Back two years ago, I originated a thread on a "Poor Mans" 2.4 Ghz Spectrum Analyzer that showed some of the things that is going on with our 2.4 Ghz radio systems. Below is a link to that thread.
Since that time, the original Spektrum analyzer has become extinct, and along with that, they absolutely do not work with Windows 8. So, if you should see one of the original analyzers in Ebay, or similar, word to the wise.
So, a birthday present to me included a new Spektrum Analyzer, as shown below:
(The model I have is the 2.4 Ghz unit at $119.00)
So, do you need one of these for general flying on 2.4 Ghz? Absolutely NOT! But, if you're curious about these frequencies, this is one unit that will provide a lot of information. The RF Explorer is orders of magnitude more capable than the original unit listed above.
The unit has a built in LCD display in an aluminum case, with a built in battery that is good for hours of operation. Charging is by a USB cable. The analyzer can also interface with a PC, and display the information on your computer screen if desired.
Operating without a PC, this unit has a wide range of abilities, such as changing the frequencies scanned within the 2.4 Ghz band, showing the exact frequencies of any of the transmitted signals, accumulating scanned info, averaging scanned info, and quite a bit more.
One very nice thing, the operator can also change the "Sensitivity" of the unit for transmitters located a considerable distance away.
So, today I did a bit of testing with this unit, along with my Spektrum DX8 transmitter. The transmitter was placed about 50 feet behind my home, on top of a plastic garbage can. Its location was right along the line of sight of one wall of my home. Pacing off about 300 feet, the Spectrum Analyzer showed the normal signal level. And, stepping to the right about 5 feet put the home between the transmitter, and the Analyzer. The displayed signal dropped off. Really dropped off, as expected.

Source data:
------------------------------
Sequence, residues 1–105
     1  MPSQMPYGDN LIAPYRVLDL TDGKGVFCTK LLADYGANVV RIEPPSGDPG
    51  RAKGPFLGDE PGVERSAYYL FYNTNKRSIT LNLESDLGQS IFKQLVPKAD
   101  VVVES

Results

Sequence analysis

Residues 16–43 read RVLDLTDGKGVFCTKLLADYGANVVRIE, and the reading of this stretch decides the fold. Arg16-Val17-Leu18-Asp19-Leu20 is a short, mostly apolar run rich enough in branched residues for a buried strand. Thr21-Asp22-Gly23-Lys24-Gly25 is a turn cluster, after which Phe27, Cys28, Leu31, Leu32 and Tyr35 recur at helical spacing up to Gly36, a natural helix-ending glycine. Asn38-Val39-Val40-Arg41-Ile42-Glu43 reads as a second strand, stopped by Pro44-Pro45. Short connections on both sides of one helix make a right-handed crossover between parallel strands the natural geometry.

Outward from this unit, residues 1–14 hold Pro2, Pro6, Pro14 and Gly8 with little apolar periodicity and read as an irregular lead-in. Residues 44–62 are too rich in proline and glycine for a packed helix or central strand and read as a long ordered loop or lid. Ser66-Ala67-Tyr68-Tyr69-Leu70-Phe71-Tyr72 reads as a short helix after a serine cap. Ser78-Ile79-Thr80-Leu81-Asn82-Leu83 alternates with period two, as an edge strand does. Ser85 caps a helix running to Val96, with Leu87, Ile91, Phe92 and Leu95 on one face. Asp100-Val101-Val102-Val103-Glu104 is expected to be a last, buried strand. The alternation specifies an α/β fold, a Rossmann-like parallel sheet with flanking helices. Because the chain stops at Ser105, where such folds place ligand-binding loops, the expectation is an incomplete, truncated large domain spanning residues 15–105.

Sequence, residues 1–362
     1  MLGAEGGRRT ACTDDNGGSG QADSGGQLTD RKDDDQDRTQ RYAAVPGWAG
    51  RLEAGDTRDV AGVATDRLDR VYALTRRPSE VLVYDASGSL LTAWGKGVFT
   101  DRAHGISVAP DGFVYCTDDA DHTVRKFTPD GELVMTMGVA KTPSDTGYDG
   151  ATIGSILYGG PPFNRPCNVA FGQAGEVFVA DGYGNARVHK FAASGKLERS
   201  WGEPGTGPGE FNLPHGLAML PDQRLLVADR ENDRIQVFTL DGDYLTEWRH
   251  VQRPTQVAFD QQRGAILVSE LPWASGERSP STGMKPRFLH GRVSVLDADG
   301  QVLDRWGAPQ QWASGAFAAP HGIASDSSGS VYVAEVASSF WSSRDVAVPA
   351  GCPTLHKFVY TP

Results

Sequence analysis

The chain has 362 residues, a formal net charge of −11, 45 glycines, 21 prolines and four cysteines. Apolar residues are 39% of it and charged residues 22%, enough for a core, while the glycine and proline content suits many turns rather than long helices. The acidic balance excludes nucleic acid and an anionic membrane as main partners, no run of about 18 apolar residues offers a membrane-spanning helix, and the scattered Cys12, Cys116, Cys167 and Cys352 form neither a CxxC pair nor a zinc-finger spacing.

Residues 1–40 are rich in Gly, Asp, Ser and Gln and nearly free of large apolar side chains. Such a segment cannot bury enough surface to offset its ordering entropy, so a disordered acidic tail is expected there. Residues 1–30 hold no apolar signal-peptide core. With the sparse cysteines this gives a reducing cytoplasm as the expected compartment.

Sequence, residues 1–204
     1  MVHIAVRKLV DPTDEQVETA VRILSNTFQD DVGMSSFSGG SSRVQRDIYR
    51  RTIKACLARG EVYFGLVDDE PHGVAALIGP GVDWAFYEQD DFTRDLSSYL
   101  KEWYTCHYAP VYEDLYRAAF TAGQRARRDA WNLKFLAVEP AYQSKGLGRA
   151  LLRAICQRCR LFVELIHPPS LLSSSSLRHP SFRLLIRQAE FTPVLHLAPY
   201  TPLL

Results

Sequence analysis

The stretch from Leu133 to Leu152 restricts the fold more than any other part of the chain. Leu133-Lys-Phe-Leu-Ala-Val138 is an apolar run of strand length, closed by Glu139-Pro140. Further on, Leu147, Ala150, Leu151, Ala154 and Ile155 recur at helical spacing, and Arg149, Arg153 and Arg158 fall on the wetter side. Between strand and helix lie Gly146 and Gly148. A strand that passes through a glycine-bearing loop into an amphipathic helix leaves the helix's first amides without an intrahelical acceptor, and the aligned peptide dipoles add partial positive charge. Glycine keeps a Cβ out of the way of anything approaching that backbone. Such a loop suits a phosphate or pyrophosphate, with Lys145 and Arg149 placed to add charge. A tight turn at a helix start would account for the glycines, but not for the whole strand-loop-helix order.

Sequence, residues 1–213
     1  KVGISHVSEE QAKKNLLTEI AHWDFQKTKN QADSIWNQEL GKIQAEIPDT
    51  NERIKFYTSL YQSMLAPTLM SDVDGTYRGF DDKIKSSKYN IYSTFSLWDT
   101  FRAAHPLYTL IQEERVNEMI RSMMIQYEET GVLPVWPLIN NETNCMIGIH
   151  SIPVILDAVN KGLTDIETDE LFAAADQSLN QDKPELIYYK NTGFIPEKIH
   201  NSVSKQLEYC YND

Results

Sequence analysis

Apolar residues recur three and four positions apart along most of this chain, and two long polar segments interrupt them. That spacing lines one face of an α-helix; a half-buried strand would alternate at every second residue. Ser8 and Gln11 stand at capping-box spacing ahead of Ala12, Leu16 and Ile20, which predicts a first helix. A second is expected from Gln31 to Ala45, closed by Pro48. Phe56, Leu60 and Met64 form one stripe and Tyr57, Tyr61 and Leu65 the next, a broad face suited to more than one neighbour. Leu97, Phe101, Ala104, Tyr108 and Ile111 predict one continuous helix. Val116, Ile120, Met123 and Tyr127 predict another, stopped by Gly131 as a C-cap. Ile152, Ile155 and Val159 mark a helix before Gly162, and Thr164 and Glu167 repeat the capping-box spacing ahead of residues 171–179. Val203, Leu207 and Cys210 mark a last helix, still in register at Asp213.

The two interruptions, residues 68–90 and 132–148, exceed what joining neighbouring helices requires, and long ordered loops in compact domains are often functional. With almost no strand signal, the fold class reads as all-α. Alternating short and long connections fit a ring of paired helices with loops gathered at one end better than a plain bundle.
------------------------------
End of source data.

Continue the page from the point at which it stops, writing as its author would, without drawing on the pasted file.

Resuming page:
Next, the analyzer was put behind a 6S2P A123 battery pack, held in front of the analyzer by about 1/2 foot. The displayed signal level dropped completely to ZERO! Moving the analyzer closer to the battery pack, and some signal was picked up. Interesting.
The analyzer has a whip antenna, so the analyzer was rotated 90 degrees to see what would happen. Yup, the signal again dropped off noticeably. So, now you know why these 2.4 Ghz receivers require a second receiver with its antennas rotated from the master receiver. Or at least a single receiver with two antennas, one extended by perhaps 6 inches from the receiver. Those 2.4 Ghz signals are very definitely position and rotation sensitive.
Take a look at some photos of this unit, along with photos of the PC display when connected to the computer.
(Note, that wide band "Hump" on the left third of the DX7 display is from my computer modem, located about 15 feet away.)